Baby Baths Should Be Bubble-free and Here Is Why

Baby Baths Should Be Bubble-free and Here Is Why 21Feb

One of the first choices you will make as a new parent is selecting your baby's care products.

They should be the safest on the market, but in reality, many of the well-known brands out there contain chemicals that do not belong to the ingredient list. 

So here is a piece of advice - do not let the nice packaging mislead you. Develop a habit of reading the backside before buying. Something as simple as shampoo can hide a lot of dangers. And ironically, the ingredient that makes bathtime fun is the one that you should be most cautious about.


Behind the bubbles

Unless you research about it, you will never know that the foaming agent, or SLS, is, in fact, the most harmful ingredient in your baby's shampoo.

True, bubbles are sometimes the only motivation for your little ones to get into the tub. However, it is better to keep their baths bubble-free for the first two years.

Besides being very amusing, they have a deep cleansing effect, which soaks off the moisture needed for protection of the skin from drying and cracking.

Short from Sodium Lauryl Sulphate, SLS is a chemical that found its way into your baby's bath product because of its price and effectiveness. It is the most affordable of all foaming agents, and it does its job, as stated above, a bit too aggressively for babies' delicate skin to handle.

Even the smallest amount of the sulphate denatures skin protein, leaving the side of it vulnerable to environmental contaminants, which in the case of your baby can be absolutely anything – fabrics, diapers, other skin care products. What you put on his skin, you are basically feeding him. And SLS is no healthy food.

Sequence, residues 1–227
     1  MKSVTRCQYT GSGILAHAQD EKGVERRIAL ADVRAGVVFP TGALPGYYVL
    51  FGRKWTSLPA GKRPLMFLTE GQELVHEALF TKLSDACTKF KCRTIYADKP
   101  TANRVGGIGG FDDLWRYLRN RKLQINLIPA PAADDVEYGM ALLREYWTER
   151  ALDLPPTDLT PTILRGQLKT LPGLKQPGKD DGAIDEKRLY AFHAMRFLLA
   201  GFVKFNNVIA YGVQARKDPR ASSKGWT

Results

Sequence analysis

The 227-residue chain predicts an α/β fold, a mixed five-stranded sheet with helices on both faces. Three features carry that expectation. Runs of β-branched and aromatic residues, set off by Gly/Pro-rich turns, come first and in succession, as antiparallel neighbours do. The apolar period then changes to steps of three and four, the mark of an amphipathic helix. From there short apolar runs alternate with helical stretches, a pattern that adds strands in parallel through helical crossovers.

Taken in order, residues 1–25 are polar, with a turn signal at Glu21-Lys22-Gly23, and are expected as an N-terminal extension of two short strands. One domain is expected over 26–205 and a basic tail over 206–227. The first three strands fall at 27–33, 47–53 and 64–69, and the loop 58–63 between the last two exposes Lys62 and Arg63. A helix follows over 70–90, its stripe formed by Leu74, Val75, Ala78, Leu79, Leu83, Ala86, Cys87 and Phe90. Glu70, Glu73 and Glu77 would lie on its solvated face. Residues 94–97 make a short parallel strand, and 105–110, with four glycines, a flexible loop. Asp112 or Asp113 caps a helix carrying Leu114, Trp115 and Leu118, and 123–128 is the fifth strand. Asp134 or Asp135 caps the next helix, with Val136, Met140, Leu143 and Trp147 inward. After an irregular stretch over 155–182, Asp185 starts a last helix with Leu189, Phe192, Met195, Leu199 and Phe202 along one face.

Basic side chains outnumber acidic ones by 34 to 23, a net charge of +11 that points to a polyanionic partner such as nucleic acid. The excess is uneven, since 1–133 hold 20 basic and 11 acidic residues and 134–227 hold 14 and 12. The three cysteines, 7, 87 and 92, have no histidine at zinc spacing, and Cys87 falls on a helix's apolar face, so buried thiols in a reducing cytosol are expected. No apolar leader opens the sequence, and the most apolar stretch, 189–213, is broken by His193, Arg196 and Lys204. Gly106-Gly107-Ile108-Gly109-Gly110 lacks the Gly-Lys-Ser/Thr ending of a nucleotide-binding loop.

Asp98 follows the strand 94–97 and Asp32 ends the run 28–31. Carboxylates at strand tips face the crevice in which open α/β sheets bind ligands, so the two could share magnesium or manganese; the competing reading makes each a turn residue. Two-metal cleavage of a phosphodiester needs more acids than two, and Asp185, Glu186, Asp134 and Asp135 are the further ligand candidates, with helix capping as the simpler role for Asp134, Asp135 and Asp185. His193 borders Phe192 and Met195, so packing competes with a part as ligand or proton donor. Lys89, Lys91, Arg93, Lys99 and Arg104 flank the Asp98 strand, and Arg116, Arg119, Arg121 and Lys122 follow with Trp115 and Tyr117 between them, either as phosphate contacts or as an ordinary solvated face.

To be precise,


up to 50% of what goes onto your baby’s skin

could be easily absorbed.



The result from it will typically be a rash or single itching and flaking patches that cause extreme discomfort and heal slowly.


What is the alternative?

True, not everyone has the time to stand in supermarkets and pharmacies to read labels.

Do your homework beforehand. There are a number of platforms programmed explicitly to check skincare products ingredients. Think Dirty, for example, oppositely to its name, enables you to examine how “clean” the ingredients are in different products, including baby ones. CodeCheck, too, is another app you can use.

Another way to go is to DIY baby shampoo. There are dozens of recipes online but be careful because not all of them are actually efficient. You don’t want to waste products and effort, so look for ones that include vegetable glycerine and castile soap in their formula - the two components mix nicely together and lather well.

Our wash and shampoo makes no bubbles, as well as other organic and all-natural baby bath products. But a newborn will not tell the difference, and if your kiddie is older, you can find other, SLS-free ways to have fun in the bath.